Many people who have grown up in the church have questioned the need and relevance for the formal gathered “institutional” church. People wonder whether all the organization and jargon just further distances people from God. Church attendance inaccurately pretends to visually allow people to measure one another’s level of faithfulness to God and that is disconcerting. We often do not agree with the message being spoken, and are bored or uninterested in church services. Or even worse, we realize that we come to be entertained but have no real relationships with the fellow people in the pews. Churches seem stuck in their ways and in many ways embody oppression in ways that are quite embarrassing.
I’ve attended numerous different denominations, both high and low, liberal and conversavative. I’ve had the opportunity to visit churches around the world and pray with others in many different languages.
I’ll be upfront: I’m a proponent of “church” but am pretty loose in what that means.
Jesus says where two or three are gathered in his name, there Jesus is with us (Matthew 18:20). We do not need a large crowd, a specific structure, but a gathering of those who believe to be with Jesus.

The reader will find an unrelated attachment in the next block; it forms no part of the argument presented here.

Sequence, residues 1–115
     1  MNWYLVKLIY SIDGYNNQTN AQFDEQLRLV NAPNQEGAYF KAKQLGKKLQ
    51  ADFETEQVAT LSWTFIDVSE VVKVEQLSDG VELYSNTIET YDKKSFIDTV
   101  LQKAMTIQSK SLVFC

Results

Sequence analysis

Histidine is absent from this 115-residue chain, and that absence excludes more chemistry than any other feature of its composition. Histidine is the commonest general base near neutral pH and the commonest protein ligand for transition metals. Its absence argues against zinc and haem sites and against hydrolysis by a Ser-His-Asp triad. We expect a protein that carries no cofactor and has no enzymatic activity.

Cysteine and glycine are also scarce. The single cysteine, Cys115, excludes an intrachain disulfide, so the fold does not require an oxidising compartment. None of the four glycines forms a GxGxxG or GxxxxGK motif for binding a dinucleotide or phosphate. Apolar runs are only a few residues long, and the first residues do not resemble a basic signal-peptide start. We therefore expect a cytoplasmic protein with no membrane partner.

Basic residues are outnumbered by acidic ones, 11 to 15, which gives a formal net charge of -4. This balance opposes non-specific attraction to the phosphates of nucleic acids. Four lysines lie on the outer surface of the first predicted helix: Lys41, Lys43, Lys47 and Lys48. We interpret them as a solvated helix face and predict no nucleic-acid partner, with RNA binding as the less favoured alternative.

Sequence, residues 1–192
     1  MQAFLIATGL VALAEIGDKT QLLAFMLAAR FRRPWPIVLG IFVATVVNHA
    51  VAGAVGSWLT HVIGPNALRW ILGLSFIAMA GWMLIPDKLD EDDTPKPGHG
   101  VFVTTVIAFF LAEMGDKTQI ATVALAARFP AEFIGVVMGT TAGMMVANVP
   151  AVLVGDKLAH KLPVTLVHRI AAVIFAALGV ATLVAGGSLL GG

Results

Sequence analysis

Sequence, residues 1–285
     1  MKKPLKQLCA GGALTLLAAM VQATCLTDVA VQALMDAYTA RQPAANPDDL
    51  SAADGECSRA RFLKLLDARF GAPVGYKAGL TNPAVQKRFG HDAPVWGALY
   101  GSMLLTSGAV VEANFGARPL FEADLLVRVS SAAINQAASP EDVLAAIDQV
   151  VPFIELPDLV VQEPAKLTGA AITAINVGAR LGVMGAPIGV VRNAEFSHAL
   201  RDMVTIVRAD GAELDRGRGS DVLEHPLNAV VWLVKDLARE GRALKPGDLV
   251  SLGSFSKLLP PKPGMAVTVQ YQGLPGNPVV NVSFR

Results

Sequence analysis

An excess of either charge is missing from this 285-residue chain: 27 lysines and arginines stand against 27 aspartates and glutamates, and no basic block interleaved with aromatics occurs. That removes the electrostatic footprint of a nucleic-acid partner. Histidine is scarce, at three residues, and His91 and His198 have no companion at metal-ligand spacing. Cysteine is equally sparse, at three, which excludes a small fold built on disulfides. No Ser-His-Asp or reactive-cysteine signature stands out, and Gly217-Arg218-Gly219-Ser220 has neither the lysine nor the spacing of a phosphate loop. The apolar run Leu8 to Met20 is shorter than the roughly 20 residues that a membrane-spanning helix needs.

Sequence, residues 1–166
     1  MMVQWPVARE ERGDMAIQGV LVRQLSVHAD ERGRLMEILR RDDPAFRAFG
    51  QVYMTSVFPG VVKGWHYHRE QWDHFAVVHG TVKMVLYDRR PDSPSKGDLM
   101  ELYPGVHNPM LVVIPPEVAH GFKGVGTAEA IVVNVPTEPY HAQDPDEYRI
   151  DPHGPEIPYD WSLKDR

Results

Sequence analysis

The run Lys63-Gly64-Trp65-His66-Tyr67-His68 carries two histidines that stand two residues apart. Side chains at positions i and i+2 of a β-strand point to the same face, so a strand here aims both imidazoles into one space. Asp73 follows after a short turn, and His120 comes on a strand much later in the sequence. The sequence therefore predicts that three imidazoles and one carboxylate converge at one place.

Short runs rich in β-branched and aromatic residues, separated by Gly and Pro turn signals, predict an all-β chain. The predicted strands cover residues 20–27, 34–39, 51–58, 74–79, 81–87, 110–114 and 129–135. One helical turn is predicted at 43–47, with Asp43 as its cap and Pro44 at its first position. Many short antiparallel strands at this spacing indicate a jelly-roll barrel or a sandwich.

Similarly Paul encourages the believers not to stop meeting with each other (Hebrews 10:24-25). This indicates to me that it is important to regularly and consistently gather one another in order to spur one another to live obedient lives and love each other and those around us.
Culturally, the temple life played a significant role in providing meaning and religious teaching in the lives of Jews in Jesus’ time. We know that Peter and Paul (and Jesus) likely still continued to go to temple as there are numerous stories where healings take place in such contexts.
In our culture too, the people will continue to look to the visible church when they are searching and wondering about Jesus. Having different expressions of the church, but being visibly gathered says something to the culture around us, hopefully something good if we are truly living out the gospel in love.
Right now, I write this post as my little church is dwindling small and I am beginning to feel discouraged. We don’t have amazing musicians and well-known preachers. I have to remember why we gather together.
My answer is to be a witness to Jesus by loving each other. My little church is made up of outcasts and sinners. On any given Sunday I count 50% of the people who attend have a mental illness or addiction. This is not glamorous, but it does mean that we are welcoming those to the table that will not invite us back to dinner themselves (Luke 14). This takes lots of practice in loving and a commitment to people, week after week. That is church to me.